2020 has been canceled. Work has been canceled (for some of us). Fun has also been canceled as all major events that we spent our hard-earned cash to attend have been canceled. This includes sports, music, and other entertainment. While many organizers are refunding ticket holders, some aren’t.
Is it ethical to not refund tickets? Can you do something about this? Maybe. Here is a guide to some of the major music festival cancellations.
Coachella and Stagecoach
Let’s be honest— the lineup for Coachella was awful this year anyway. But we all know Coachella isn’t about the music as much as the experience anyway. The event has now been postponed to October, when it will be freezing in the desert.
There were initial rumors that Goldenvoice wasn’t going to refund anyone. But on March 13, organizers sent an email to ticket holders offering full refunds. Coachella will also honor the April tickets in October, so if you’re fine with the rescheduled dates, you don’t have to do anything. Not sure? You have until May 1 to decide.
Coachella will honor the April tickets in October.
Organizers are trying to keep the same lineup, but no one really knows what is to come.
Anyone who was planning to attend Ultra in Miami won’t quite have the same luck. It’s been canceled entirely this year. An email sent to ticket holders stated: “ALL tickets purchased will, of course, remain valid and will be honored at either the 2021 or 2022 Ultra Miami event, at your option. You will have 30 days to choose which Ultra Miami event you want to attend. Additionally, we are also working to offer a digital online Ultra experience as soon as possible.”
Ultra is working to offer a digital online experience as soon as possible.
As you can imagine, no one is happy about this. Ohio resident Luke Starner told the Miami Herald, “I also understand that Ultra is a business and they’re not out to do community service, but to argue against the case, if you pay for a service that’s for a specific date and time and it’s changed, the deal should be off. Simple as that.”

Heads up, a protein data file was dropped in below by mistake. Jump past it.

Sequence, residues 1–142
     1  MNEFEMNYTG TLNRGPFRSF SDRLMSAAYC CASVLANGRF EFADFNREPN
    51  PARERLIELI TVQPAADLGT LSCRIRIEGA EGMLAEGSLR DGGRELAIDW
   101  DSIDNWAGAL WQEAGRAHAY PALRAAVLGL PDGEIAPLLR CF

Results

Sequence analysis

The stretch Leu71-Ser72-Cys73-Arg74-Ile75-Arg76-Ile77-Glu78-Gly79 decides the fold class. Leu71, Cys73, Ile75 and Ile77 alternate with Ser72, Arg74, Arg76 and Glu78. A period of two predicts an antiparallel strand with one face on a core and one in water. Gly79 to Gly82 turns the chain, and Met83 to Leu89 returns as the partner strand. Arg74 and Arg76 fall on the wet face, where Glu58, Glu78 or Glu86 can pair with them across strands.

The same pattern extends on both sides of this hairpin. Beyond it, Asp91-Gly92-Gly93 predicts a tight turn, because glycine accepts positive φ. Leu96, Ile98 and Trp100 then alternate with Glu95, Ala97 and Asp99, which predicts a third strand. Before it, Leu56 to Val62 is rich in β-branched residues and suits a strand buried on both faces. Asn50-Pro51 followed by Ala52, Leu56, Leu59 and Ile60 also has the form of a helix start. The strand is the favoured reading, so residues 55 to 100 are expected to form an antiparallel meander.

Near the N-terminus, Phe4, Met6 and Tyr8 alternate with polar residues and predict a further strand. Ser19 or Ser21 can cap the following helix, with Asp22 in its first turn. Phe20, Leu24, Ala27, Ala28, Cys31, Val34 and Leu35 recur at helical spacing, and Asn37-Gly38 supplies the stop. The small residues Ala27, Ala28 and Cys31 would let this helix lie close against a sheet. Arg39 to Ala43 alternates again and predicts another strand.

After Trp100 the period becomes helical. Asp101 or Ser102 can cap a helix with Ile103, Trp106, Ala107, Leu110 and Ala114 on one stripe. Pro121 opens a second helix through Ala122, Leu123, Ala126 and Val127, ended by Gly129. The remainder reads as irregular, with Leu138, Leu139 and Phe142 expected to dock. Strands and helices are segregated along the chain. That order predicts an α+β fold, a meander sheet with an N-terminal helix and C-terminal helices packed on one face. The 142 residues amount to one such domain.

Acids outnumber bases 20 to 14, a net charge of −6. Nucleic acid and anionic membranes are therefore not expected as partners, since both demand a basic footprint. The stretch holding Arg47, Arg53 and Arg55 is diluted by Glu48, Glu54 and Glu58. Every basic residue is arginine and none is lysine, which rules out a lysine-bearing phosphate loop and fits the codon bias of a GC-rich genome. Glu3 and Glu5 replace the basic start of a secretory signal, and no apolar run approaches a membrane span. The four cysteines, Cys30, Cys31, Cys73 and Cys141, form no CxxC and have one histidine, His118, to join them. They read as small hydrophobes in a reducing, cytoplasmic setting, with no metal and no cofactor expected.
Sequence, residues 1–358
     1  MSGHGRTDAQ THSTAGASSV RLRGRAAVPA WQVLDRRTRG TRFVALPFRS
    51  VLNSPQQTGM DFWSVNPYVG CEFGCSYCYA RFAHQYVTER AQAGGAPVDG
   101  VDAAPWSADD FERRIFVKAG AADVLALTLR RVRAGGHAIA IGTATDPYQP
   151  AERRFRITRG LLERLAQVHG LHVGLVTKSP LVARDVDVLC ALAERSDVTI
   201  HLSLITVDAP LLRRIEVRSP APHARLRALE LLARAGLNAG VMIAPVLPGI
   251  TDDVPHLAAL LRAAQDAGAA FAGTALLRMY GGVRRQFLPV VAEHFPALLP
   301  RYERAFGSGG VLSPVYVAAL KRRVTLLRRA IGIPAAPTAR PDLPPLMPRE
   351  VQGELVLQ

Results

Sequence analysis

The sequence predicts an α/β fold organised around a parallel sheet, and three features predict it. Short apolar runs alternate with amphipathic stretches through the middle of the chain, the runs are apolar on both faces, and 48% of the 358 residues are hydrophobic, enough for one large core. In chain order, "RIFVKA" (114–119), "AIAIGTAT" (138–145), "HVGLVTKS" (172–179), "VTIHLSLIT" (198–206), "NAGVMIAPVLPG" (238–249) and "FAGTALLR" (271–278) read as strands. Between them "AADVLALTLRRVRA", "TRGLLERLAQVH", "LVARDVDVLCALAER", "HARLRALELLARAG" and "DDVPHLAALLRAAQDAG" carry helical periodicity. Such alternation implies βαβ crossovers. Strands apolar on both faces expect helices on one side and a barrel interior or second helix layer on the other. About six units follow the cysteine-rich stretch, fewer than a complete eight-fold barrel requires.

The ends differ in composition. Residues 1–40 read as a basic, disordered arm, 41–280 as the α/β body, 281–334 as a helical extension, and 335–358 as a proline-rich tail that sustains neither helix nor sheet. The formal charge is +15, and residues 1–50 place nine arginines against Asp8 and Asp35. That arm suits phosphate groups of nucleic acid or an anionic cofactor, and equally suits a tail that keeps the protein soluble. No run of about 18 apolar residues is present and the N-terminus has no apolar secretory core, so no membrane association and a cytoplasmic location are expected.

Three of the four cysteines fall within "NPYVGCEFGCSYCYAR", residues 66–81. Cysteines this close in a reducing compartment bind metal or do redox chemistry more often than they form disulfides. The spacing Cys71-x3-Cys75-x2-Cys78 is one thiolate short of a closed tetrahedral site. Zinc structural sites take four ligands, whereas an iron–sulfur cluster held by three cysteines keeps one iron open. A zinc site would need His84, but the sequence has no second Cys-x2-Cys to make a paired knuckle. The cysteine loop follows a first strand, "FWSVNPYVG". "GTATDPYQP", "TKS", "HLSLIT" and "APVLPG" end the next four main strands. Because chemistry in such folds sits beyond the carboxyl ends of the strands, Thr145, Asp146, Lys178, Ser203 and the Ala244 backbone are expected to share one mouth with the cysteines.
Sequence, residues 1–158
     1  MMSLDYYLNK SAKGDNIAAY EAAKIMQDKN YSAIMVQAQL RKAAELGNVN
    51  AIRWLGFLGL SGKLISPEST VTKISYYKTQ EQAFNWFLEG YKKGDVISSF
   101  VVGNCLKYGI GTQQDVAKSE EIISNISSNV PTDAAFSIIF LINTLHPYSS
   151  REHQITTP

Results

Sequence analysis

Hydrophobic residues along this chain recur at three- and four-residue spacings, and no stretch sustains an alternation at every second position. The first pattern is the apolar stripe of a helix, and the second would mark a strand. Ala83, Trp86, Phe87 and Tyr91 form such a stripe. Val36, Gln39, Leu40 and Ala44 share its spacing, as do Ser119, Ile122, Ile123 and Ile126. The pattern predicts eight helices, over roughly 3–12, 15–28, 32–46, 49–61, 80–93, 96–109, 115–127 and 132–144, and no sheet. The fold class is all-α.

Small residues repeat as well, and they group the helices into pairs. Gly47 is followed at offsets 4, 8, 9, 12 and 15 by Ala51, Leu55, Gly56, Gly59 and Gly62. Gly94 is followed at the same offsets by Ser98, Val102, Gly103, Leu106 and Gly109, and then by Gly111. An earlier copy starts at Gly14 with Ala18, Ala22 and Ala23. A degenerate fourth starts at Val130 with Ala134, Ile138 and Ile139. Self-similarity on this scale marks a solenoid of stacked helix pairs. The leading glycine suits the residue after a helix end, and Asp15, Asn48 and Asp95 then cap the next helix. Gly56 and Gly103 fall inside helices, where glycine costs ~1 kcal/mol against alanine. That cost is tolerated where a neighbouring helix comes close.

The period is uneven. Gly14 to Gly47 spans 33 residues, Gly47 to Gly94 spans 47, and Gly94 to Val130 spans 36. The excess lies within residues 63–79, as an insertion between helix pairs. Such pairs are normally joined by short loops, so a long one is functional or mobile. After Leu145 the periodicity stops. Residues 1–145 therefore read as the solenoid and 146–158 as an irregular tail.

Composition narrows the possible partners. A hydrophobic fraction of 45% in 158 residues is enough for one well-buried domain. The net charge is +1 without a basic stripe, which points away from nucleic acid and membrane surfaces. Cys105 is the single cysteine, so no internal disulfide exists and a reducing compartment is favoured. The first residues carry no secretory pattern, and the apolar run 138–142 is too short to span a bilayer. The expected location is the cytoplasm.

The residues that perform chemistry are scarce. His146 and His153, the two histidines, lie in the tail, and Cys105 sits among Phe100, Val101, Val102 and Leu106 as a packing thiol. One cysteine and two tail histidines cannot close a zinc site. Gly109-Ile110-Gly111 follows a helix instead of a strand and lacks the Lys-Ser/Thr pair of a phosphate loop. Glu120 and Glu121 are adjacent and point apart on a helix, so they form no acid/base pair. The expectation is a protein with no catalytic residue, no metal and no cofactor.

South By Southwest (SXSW)
The cancellation of South By Southwest is hitting everyone hard. A third of their employees have been laid off, and the city of Austin is likely to lose around $157 million, according to Variety.
In accordance with their registration policy, SXSW won’t be issuing refunds. However, they are allowing ticket holders to defer to 2021, 2022, or 2023, in addition to offering 50% off the walk-up rate in an alternate year of your choosing between 2021 and 2023.
SXSW won’t be issuing refunds because their insurance doesn’t cover pandemics.
The policy on the website states: “Any and all payments made to SXSW are not refundable for any reason, including, without limitation, failure to use Credentials due to illness, acts of God, travel-related problems, acts of terrorism, loss of employment, and/or duplicate purchases.”
And part of the reason for this is that SXSW simply doesn’t have the proper insurance to offer such refunds. Co-founder Roland Swenson told the American-Statesman that their insurance doesn’t cover “bacterial infections, communicable diseases, viruses, and pandemics.”
There hasn’t been a pandemic of this scale in our lifetime, so it’s understandable why these festivals weren’t insured for one. And travel and accommodation fees aren’t likely to be refunded either. Could pandemic insurance be the next big thing? Like everything else impacted by this situation, we just don’t know right now.
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